Does the removal of autocracy lead to a rise in nationalism


Forum Staff
Apr 2010
T'Republic of Yorkshire
It seems to me that the fall of dictators and autocratic governments tends to lead to a rise in nationalism. Most noticeably, we saw this during the breakup of Yugoslavia after Tito's death, and to an extent, in the breakup of the Soviet Union (I know THAT'S going to attract some controversy into this thread).

But we've also seen it to some extent during the Arab Spring, although it tends to be Islamism rather than nationalism that is the dominant force there.

And as China becomes more open, nationalism seems to be on the rise.

I reckon this is down to several factors. First of all, in the absence of a dictator, groups arise to fill the power vacuum, and nationalism is a very attractive ideology, especially for people who have been deprived, as it tends to blame external forces for their problems. These might be exaggerated by the former dictator, if they had held up those external forces as a bogeyman to their own population, in order to present a common enemy against whom the dictator was the only bulwark (canny dictators use that fear, but never let it spiral out of control).

Alternatively, it's possibly because, as in the case of multi-ethnic political entities like Yugoslavia, those tensions had been there all along but artificially supressed by the autocratic government.

It may also be a case of people looking for some kind of national identity after the removal of a strongman. Without a central authority to look towards, the country begins searching its past for perceived wrongs against which it has to vehemently protect itself, or receive restitution.

What do you think, do you agree or disagree with any of the above?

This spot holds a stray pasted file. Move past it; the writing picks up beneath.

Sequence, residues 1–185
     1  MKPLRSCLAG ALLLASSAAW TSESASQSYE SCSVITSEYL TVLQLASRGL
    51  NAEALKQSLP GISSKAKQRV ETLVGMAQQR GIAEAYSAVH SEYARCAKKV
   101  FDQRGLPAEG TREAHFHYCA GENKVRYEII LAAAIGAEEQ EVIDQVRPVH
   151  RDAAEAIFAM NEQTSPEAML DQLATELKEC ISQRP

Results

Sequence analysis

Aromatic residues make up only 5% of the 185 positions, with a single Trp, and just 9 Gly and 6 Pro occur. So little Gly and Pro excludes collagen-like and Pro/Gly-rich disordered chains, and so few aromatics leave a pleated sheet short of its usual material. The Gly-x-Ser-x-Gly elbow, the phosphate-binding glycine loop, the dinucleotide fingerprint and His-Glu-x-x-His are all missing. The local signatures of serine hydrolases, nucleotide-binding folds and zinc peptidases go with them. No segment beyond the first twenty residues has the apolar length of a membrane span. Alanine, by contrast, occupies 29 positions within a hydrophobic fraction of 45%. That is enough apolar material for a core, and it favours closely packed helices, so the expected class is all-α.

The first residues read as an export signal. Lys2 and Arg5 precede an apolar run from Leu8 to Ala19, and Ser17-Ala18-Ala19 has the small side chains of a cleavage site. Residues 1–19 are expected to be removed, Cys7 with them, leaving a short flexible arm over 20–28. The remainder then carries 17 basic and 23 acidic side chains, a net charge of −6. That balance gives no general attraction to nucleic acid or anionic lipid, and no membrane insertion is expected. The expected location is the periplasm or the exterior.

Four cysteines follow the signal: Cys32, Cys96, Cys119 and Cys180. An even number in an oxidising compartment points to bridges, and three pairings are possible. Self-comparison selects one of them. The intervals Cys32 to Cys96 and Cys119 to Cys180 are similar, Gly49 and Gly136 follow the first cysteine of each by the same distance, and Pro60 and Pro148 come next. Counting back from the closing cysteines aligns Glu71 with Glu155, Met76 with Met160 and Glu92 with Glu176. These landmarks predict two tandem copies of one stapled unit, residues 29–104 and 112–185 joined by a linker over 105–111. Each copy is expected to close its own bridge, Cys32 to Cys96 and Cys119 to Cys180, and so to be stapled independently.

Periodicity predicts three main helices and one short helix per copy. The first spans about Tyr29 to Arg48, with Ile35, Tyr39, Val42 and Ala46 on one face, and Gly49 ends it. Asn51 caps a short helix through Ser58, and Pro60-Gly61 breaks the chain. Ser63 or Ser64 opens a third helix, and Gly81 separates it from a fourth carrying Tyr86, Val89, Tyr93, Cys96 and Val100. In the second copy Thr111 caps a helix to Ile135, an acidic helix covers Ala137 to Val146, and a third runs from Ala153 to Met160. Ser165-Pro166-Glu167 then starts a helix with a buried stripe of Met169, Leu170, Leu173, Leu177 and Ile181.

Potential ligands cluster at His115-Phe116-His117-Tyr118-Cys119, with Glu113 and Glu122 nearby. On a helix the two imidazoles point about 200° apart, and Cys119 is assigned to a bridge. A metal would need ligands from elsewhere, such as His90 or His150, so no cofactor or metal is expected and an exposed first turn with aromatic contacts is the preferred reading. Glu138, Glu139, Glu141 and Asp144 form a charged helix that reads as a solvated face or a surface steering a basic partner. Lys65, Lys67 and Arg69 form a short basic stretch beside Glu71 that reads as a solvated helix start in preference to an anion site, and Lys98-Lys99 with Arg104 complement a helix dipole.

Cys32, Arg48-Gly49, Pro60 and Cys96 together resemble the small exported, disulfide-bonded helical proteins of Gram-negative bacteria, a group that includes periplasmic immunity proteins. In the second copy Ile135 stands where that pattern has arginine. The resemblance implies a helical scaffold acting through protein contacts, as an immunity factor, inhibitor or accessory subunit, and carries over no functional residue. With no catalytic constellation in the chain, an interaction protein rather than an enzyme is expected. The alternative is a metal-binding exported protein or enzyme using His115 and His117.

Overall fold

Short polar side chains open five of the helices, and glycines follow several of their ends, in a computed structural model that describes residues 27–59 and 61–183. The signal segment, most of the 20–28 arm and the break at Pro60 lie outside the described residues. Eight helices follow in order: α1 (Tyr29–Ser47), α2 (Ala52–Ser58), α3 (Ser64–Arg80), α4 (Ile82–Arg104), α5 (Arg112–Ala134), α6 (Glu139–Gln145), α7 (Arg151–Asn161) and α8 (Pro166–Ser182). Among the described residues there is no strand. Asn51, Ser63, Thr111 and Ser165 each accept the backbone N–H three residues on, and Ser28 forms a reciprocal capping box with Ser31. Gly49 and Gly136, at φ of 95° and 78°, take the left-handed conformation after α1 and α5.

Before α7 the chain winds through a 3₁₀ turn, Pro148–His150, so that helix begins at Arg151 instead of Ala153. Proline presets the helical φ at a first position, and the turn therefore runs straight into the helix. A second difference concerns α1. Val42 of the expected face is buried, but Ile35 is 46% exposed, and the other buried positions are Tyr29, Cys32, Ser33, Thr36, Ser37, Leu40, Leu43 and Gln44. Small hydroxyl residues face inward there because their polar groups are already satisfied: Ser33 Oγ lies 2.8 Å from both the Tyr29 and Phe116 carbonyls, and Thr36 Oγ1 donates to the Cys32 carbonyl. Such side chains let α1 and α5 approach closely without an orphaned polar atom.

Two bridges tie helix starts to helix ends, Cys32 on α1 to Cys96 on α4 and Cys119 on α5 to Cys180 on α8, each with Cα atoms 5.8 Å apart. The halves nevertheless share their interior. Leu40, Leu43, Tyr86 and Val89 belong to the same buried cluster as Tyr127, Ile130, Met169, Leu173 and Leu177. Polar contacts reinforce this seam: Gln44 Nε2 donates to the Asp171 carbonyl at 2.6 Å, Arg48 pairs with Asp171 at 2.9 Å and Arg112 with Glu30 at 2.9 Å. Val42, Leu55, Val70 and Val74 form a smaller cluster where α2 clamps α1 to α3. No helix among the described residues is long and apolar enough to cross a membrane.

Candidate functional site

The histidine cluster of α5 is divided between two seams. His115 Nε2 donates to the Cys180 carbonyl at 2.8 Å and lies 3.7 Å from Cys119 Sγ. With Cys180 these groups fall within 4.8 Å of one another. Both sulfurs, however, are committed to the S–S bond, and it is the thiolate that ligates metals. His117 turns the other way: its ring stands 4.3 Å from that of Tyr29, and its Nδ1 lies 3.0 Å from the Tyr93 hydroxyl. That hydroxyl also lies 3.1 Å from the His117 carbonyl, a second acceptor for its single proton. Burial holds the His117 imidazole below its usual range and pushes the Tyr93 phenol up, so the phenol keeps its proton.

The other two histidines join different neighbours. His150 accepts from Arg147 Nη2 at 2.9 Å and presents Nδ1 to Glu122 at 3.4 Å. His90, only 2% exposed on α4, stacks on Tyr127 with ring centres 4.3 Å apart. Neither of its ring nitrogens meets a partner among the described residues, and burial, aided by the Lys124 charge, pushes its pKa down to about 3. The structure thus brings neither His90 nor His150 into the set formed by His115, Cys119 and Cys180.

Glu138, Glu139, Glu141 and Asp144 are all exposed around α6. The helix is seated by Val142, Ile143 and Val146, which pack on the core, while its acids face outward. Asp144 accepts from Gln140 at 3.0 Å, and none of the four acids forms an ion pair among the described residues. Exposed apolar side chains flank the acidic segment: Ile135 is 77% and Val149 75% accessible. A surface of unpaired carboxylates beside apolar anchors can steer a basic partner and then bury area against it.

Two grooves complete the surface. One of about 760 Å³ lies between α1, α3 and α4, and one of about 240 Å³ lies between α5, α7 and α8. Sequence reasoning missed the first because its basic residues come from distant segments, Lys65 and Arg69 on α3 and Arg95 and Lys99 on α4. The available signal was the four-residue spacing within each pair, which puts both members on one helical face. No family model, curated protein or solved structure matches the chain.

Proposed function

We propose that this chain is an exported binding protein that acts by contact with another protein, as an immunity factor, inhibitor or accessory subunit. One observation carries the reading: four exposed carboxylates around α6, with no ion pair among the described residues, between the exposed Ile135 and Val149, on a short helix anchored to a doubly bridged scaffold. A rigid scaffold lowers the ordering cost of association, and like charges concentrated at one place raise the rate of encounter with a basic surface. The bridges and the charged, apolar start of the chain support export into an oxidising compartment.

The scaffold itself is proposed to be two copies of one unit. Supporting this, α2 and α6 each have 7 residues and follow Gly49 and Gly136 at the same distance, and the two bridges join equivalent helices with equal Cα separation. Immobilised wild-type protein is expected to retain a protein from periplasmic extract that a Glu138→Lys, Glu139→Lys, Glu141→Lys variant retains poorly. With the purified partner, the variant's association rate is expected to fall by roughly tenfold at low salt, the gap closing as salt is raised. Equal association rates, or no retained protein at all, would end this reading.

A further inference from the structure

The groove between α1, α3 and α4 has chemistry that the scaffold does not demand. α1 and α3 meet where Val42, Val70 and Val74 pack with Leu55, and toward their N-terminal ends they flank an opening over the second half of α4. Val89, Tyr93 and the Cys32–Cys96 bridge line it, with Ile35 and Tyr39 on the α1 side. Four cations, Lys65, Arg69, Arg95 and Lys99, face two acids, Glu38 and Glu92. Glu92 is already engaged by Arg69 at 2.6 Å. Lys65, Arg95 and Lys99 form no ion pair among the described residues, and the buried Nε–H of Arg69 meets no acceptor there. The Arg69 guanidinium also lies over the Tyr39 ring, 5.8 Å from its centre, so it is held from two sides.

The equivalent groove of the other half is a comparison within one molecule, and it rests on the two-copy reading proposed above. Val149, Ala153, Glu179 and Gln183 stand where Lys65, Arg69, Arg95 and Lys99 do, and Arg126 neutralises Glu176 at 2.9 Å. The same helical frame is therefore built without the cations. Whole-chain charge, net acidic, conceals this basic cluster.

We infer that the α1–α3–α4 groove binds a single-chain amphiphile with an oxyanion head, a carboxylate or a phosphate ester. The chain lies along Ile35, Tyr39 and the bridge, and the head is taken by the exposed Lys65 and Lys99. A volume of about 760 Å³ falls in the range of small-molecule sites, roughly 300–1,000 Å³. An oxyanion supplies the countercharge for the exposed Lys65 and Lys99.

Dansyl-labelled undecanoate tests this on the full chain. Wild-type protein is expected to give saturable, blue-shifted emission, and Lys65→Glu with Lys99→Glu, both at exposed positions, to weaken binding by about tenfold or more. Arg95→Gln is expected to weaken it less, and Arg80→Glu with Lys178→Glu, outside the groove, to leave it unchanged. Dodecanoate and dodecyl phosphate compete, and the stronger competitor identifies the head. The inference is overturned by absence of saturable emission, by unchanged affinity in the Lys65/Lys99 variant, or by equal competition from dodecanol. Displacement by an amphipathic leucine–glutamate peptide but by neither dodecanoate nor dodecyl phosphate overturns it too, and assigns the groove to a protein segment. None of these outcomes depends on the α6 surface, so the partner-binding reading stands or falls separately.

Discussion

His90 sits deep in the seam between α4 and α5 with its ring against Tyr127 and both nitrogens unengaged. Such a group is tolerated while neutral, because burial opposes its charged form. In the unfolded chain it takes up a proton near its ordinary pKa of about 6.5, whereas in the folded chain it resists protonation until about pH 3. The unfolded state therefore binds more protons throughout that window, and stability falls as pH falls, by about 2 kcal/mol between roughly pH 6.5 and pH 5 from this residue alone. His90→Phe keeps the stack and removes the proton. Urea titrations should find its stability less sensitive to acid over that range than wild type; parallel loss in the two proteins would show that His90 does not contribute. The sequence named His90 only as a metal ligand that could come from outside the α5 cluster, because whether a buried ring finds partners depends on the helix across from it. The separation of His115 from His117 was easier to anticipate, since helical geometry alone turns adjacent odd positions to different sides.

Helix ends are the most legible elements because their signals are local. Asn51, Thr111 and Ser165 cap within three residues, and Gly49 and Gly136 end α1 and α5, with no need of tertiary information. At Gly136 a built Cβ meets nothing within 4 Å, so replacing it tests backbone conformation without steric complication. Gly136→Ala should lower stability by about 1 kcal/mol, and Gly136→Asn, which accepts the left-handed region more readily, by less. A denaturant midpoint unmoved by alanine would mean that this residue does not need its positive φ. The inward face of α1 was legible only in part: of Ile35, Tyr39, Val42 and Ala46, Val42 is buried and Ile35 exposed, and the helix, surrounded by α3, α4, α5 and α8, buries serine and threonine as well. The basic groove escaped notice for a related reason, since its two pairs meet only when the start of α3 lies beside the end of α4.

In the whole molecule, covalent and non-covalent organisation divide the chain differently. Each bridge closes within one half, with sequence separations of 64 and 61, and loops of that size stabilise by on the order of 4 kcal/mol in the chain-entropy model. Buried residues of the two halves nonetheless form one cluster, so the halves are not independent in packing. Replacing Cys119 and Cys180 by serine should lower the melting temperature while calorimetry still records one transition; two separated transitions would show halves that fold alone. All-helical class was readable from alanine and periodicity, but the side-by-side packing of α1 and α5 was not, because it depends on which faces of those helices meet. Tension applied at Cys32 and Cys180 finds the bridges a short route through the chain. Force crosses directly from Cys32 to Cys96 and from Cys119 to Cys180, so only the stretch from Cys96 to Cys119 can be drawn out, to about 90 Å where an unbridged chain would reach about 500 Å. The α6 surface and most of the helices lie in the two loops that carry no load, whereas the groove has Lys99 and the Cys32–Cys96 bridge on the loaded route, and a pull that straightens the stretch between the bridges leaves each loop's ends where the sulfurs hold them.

Ad Honoris
Aug 2010
Welsh Marches
Yes, after ideologies fail, nationalism is the easiest button to push (except where some form of religious bigotry is available to appeal to).
Jul 2012
Well, in general a strong and respected figure can put in second place differences between different groups.

This can also happen for peaceful and democratic countries: there are republican movements in australia and canada ( there was a referendum in aus not long ago, and monarchy won for very little), and I would bet that when Elizabeth II dies the attachment of these countries to the british crown will become weaker, maybe leading to a republic
Oct 2009
Moscow oblast
The nationalism is ideology of petty and middle bourgeoisie, it is the speciality of this class.

The first beneficiary of the downfall of an autocratic regime is, as a rule, the petty bourgeoisie. It is the class, which gains from democratic reforms in the first place. So, at first the petty bourgeoisie is on the pig’s back and there is no need in a bellicose ideology. The nationalism exists in its gentle forms, it is barely visible.

But then, when a new autocracy has appeared or/and a country has got under the pressure of foreign corporations, the petty bourgeoisie falls the first victim. It starts the fight for eluding rights. At that time the nationalism appears on the political stage clearly expressed, and it appears in its radical forms, up to wild chauvinism.

So, yes, one of the aftereffects of the downfall of an autocracy is, as a rule, the growth of the nationalism.